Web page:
This past week, we lost a legend in the broadcast industry and someone who it was my privilege and honor to know.
Lew Klein, philanthropist, educator and broadcast pioneer died at 91.
If you’ve never heard of Lew Klein, you probably aren’t from Philly or you didn’t go to Temple University. Still, I assure you, if you’ve ever watched TV, he impacted your life.
American Bandstand? Dick Clark? Lew was behind both. The Action News brand? He first created it. Weather in newscasts? Romper Room? Lew was a pioneer behind all of this. At one point he owned 3 television stations and a media company.
But, I betcha money, wherever you live, there’s been a broadcaster in your city who was mentored by Lew.
For 67 years, this millionaire coached and motivated thousands of broadcasters, teaching at Temple University. He’d been doing it so long, some of the broadcasters who made it under his tutelage, sent their kids to him too. And those graduates worked and continue to work in TV markets all over the country.
Up until a few months ago, Lew could still be seen in the building with his name on it: The Lew Klein College of Media and Communication. Yes, he was part of a multi-million dollar gift to name the college. But, long before that gift, he had been, and I would argue still is, the heart and soul of the place.
I guess you could say Lew mentored me too. I didn’t go to Temple, but for the last four years, I’ve been the Director of Career Services for media and communication students.
And that’s where Lew and I shared our common passion, to launch our students into the industry we love.
Lew WAS the career center, the placement office, the career coach for broadcasting students long before anyone ever formalized that role. He was it! If you showed a passion and interest in the business, Lew would make a phone call to one of his many former students and place you somewhere for a job or internship.
Through this last year, he continued to be in the classroom, relevant as ever; teaching students how to stand out in their internships, network, write thank you notes, hone their writing and production skills, pushing them to be their best and have a strong work ethic.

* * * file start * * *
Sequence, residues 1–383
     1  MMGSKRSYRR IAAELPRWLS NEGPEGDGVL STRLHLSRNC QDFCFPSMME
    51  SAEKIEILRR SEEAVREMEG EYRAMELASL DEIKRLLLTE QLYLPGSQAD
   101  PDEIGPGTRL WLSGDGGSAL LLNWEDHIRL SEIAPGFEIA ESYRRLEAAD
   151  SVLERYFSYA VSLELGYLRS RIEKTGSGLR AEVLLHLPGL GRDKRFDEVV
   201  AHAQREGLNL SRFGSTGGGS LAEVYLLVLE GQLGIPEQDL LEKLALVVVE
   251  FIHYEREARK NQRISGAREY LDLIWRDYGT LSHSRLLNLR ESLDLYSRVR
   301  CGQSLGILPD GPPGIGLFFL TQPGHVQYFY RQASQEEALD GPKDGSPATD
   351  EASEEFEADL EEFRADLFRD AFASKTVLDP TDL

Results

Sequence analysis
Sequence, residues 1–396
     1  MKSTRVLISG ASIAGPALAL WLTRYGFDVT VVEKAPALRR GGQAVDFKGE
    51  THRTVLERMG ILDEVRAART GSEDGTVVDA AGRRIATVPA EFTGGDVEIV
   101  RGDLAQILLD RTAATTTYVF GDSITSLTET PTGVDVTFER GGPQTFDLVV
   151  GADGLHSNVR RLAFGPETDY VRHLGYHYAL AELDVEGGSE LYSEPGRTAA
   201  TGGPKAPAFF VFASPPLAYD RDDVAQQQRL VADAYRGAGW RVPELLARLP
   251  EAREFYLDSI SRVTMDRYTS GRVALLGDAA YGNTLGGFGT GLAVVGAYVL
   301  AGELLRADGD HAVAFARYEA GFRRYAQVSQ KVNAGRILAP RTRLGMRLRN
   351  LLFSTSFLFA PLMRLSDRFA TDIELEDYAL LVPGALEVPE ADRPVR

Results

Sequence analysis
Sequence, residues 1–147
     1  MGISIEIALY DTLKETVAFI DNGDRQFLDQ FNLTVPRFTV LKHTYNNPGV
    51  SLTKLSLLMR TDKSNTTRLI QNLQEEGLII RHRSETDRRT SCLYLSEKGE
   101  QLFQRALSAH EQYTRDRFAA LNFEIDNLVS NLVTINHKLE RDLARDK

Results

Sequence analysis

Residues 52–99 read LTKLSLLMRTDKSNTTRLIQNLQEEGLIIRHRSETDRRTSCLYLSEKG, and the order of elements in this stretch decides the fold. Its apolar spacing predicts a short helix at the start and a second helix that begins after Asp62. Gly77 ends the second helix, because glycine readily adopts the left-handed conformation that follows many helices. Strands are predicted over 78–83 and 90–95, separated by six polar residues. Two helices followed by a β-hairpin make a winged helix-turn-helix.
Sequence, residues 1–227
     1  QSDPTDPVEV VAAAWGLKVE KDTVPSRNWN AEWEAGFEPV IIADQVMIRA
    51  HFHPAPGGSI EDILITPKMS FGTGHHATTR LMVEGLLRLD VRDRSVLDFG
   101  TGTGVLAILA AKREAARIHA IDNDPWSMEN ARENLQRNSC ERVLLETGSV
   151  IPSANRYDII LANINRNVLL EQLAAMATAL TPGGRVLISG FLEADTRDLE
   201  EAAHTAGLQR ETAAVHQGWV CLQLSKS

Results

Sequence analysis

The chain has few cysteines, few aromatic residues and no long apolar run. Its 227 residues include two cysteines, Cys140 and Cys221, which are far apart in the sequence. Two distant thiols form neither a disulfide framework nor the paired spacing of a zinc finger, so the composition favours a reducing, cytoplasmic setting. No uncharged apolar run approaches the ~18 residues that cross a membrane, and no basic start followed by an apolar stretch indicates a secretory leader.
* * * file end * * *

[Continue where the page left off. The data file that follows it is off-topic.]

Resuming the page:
Sometimes, he’d bring me in to visit his class, but in the end, I got to be a lucky recipient of Lew’s lessons too. He preached the secret of success: Temple and his 3 T’s: timing, tenacity, and talent.
But I believe the thing that made Lew so spectacular throughout his career and life was that he was always “paying it forward” with his time and energy.
He was the lifeblood of the Philadelphia Police Athletic League so kids in the most economically challenged neighborhoods had wonderful after school activities. God help you if you were a general manager of a Philly TV station and you didn’t get involved. Lew would make sure the most powerful in media were giving back to the community too.
He was a founding member of NATPE, The National Association of Television Program Executives.
The Lew Klein Excellence in the Media Awards annual luncheon he oversaw raised thousands of dollars for the scholarships every year and will continue to do so. Everyone wanted to be in his presence and receive a “Lewie”.
Even in the last couple of years, Lew and his wife Janet, continued to travel, ever curious and exploring everything new or wonderful to see.
With Lew’s permission, I created this sticker for our graduates to wear a couple of years ago: Live Like Lew.
I made it because I thought, and still believe, if you Live Like Lew, or just try to live like Lew, then you are truly living your best life.
Lew loved the sticker. He wore it to one graduation. He loved that I put his picture up on our career center wall. It wasn’t an ego thing. He would never ask for such a thing. But I think he just was so happy that this was my way of promising him, his mission, his vision for students and the commitment he had to help improve their lives and careers would be a part of the career center too.
I guess we all knew we were on borrowed time. He would fight off one illness or another and then come fighting back alive and vibrant as ever.
We can’t believe we won’t see him again. He won’t be pulling us aside and saying, I want you to try to help such and such student or graduate. He or she needs an internship or job. Give so and so a call.
For those of us who knew him, got to share even a tiny bit of time with him; well it was all a gift. He won’t ever be gone. Lew lived to give and that legacy will keep on going.